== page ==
Myth #3: Corporations, profts, and theenvironment are at odds
Many people less engaged in sustainable business practicesare oten surprised to learn that corporations like Wal-Mart, GM,Nike, IBM and others have actually led the way in sustainablebusiness practices. And, not surprisingly, they are doing it orbottom line reasons.When we frst researched the idea o Recy-cleMatch, we discovered that IBM had madean amazing match, resulting in a net $3 Millionimprovement. Instead o paying $1.5 million to put materialsinto a landfll, they ound a way to sell those “waste” materialsor $1.5 million. That was an early signal that RecycleMatch hadound it’s market niche.Read more about IBM’s case study at http://zerowasteblog.recyclematch.com/ibm-pioneers-process-to-turn-waste-into-solar-energy Another signal o the dramatic changein the industry was Wal-Mart’s an-nouncement that the organization, its8,400 stores and 100,000+ suppliers were aiming to achievezero waste by 2025. Wal-Mart has the unique scale to see howsmall changes can make a big impact.For example, by switching to Fair Trade Certifed bananas inthe Sam’s Club stores only, they negated the need to purchaseand use 875,000 gallons o herbicides. By eliminating auto-matic printing o routine retail reports, they saved $20 millionin printing costs. Any time a supplier ound a way to reducepackaging, total cost / value improvements were seen in thepackaging costs as well as transportation costs and shel spaceoptimization. Multiply that times 100,000 suppliers in the supplychain and you’ll realize why they are committed to zero wasteby 2025. More at http://walmartstores.com/Sustainability/ Mike Robinson, GM vice president o Environment,Energy and Saety, highlights recycling as part o thestrong business case or sustainability eorts at GM.“GM has generated more than $2.5 billion in revenue since2007 through its various recycling activities” said Robinson. That’s on top o the value achieved when GM reuses and re-purposes materials within their own operations. GM announcedthis year that 52% o their world-wide acilities are landfll ree,and they aim to grow that fgure continuously. Learn more athttp://media.gm.com/content/media/us/en/news/news_detail.brand_gm.html/content/Pages/news/us/en/2010/Dec/1213_landfllProbably the most transparent and interestingo the corporate leaders is Nike. Not only havethey established a consumer-take-back pro-gram to recycle shoes, turning them into sport-courts, but theyalso are very orthcoming with the business reasons or theirsustainability actions. Their executives publically explain that i they were to continue to meet earnings and growth predicatedon a business-as-usual industry standard model, they wouldliterally require more natural resources than the earth has withinour lietimes. Nike exec Lorie Vogle notes that the produc-tion o one t-shirt currently requires over 700 gallons o water. That’s the kind o business driven inormation that is drivingthem to design more sustainable materials to uel growth wellinto the uture. Read more at http://blogs.reuters.com/adam-pasick/2009/10/24/nike-the-albatross-and-sustainable-design/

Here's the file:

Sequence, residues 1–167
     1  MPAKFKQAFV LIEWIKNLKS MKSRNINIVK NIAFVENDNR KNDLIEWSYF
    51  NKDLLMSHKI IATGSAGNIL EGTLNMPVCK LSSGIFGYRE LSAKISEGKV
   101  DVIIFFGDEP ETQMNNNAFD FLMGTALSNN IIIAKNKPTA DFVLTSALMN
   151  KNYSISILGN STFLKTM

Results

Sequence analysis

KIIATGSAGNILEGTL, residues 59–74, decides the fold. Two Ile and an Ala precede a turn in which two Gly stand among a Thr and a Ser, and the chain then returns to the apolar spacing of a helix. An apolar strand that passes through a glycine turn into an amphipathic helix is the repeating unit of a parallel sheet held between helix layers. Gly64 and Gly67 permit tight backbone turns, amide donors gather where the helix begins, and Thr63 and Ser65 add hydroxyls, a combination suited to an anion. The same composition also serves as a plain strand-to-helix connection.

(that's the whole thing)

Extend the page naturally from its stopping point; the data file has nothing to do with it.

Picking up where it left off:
Myth #4: Carbon trumps waste as anenvironmental issue
Whether your environmental ocus is on carbon, energy, wateror other natural resources, you should care about waste. Wasteis inextricably connected to all o these pressing environmentalconcerns. For example, aluminum is 100% recyclable withoutlosing any o its virgin characteristics. Recycling the materialrequires only 5% o the energy and 5% o the carbon needed toproduce new virgin aluminum rom bauxite. Reusing the existingresource negates the need or open cut mining to extract theore, a practice that causes lasting damage to land. Read moreat http://www.benefts-o-recycling.com/recyclealuminum.htmlNot all impact o waste is as easy to calculate or has thesame dramatic benefts as aluminum. A detailed EPA studyrom 2007 (http://www.epa.gov/wastes/nonhaz/municipal/ pubs/06benefts.pd) estimates that the 32% o MSW (mu-nicipal solid waste, the tiny slice in the chart above) recycledtoday saves an equivalent amount o C02 as taking 39.4 millioncars o the road. That’s about 15.5% o all the cars in the US.But that’s just the small percent o waste that is recycled romhouseholds, ofce lunch rooms and other non-manuacturingbusiness. It does not apply to the 7.6 billion in industrially gener-ated waste.We recognize that the MSW calculation wouldn’t apply uni-ormly to all materials generated by business and industrialsources. Some would have more impact while others wouldhave less impact. But i the average impact was the same,the impact resulting rom industrial waste in the US each yearwould be equivalent to 35.6 billion cars on the road, around 43times more cars than exist in the world today. More at http:// en.wikipedia.org/wiki/Automobile.Even i that calculation is only directionally helpul, it’s mind-blowing to consider the carbon impact hidden in our dump-sters. To get at more exact estimates or the impact associated withyour company’s waste or waste reduction eorts, there are anincreasing number consultants and experts available to workwith individual corporations and supply chains. RecycleMatchhas relationships with a number o these organizations andwould be glad to make introductions since this is not the kind o work we do as an online marketplace.